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Boogie Nights

movie reviewmovie reviewmovie reviewvideo review out of 4 Movie Review: Boogie Nights

Starring: Mark Wahlberg, Julianne Moore
Director: Paul Thomas Anderson
Rated: R
RunTime: 152 Minutes
Release Date: October 1997
Genres: Drama, Music

*Also starring: Burt Reynolds, Don Cheadle, Alfred Molina, John C. Reilly, William H. Macy, Robert Ridgely, Melora Walters, Luis Guzman

Review by Edward Johnson-Ott
3 stars out of 4

In terms of highly anticipated films, "Boogie Nights" is the 500 pound gorilla of the fall season. For months, through reports from trade screenings and film festivals, the buzz for this sprawling look at the L. A. world of pornographic filmmaking in the 70s has been phenomenal. The big surprise is that the actual movie almost lives up to all of the hype. Writer/director Paul Thomas Anderson's wildly entertaining epic captures the late 70s/early 80s era in all its tacky glory, with terrific performances from a large ensemble cast. To be sure, the film has its problems. After a near-perfect first hour and a half, Anderson stumbles badly during an abrupt transition in tone, but quickly regains his footing for a powerhouse wrap-up. "Boogie Nights" is two and one half hours long, but the time whizzes by.

The film tells the rags-to-riches-to-rags story of a young man with a dream. 17-year-old busboy Eddie Adams (Mark Wahlberg) believes that "everyone is blessed with one special gift." In Eddie's case, the gift is a 13" penis and boundless sexual energy. Seasoned porn filmmaker Jack Horner (Burt Reynolds) discovers the kid and before you can say John Holmes, Eddie becomes Dirk Diggler, porn superstar.

A great deal of the fun in "Boogie Nights" comes from Anderson's perfect re-creation of the outrageous attitudes and godawful fashions of the 70s, the most embarrassing decade in memory. Bad taste reigned supreme back then, and it's all up there on the screen; a leisure-suited, polyester paean to days gone by. It was an era of unparalleled hedonism as well, and the film overflows with scenes of copious drug use and unprotected sex. In the 70s, pornography went from being everyone's dirty little secret to actually becoming trendy; accordingly, Jack Horner and his entourage wheel around Los Angeles like kings and queens.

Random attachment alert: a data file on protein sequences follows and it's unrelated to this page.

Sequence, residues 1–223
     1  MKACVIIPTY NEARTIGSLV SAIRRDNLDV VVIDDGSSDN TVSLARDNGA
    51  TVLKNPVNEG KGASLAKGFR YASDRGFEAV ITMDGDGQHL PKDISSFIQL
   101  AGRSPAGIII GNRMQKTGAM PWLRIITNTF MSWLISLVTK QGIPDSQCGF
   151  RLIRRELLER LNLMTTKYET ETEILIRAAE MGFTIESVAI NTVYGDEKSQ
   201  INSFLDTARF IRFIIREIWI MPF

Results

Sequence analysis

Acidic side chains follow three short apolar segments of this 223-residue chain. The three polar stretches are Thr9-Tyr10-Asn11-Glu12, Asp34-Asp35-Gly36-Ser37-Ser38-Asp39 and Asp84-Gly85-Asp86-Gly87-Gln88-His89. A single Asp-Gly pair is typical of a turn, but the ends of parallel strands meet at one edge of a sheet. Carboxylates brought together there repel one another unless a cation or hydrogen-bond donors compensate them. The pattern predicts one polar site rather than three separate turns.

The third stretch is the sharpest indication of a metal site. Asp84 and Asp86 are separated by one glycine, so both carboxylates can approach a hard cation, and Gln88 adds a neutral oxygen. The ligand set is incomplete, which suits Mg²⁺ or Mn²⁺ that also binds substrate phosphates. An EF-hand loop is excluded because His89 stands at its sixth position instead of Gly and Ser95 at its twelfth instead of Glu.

Once a movie star, more recently a national joke, Burt Reynolds reclaims his career with his portrayal of Jack Horner. Reynolds ditches his trademark smirks and cackles, playing the character in an straightforward, extremely assured manner. Jack Horner is a wry old pro who knows the business of pornography, and Reynold's performance is earning him the respect he has always almost had. As Dirk Diggler, Mark Wahlberg is excellent, evolving from shallow kid to pampered superstar to desperate stoner, all while maintaining a disarming sense of naiveté.

In real life, Burt Reynolds and Mark Wahlberg have led similar careers. Both became pop icons by taking their clothes off (Reynolds as the first male centerfold in Cosmopolitan, Wahlberg in the legendary Calvin Klein underwear ads.) Both mismanaged their fame and saw their careers decline. It's ironic that the men have now achieved redemption in a film dealing with sex, drugs and violence. Ironic, and kind of nice.

Wahlberg and Reynolds aren't the only good actors here. The casting of "Boogie Nights" is virtually flawless, with standout performances from Julianne Moore as Amber Waves, the earth mother of the group; "Swingers" Heather Graham as the blissed-out Rollergirl and Don Cheadle as Buck Swope, a porn actor whose real ambition is to open up a "really bitchin' stereo store."

27-year-old Anderson's influences show in both the structure and the film techniques of "Boogie Nights," not that that's necessarily a bad thing. Beginning with a long, gliding track shot, the first two thirds of the film are reminiscent of Martin Scorcese's "Goodfellas," with hints of Robert Altman's "Nashville." The last third of the film comes straight from the hyper-violent land of "Pulp Fiction's" Quentin Tarantino, with a twisted homage to Scorcese's "Raging Bull" wrapping things up. Anderson's big stumble comes in the films last third, as the action shifts from the decadent late 70s to the greedy 80s. After an hour and a half of giddy randomness, Anderson lunges into a cluster of scenes depicting various characters suffering a variety of nasty consequences to their earlier actions. The sequences badly thrown off the rhythm of the film, making it feel like some demented Afterschool Special. Luckily, he regains his balance quickly, leading into a terrifying, dazzling segment of a drug deal gone wrong that ranks among the most riveting scenes ever laid down on film.

To its credit, "Boogie Nights" doesn't make any grand statement about the human condition. The film is just a series of stories about a intriguing group of people during a very goofy and dangerous period of American culture. What makes this film transcendent is Anderson's vast talent and the sheer exhilaration of his vision. Each of us is blessed with one special gift and Anderson certainly has discovered his.

Copyright © 1997 Edward Johnson-Ott

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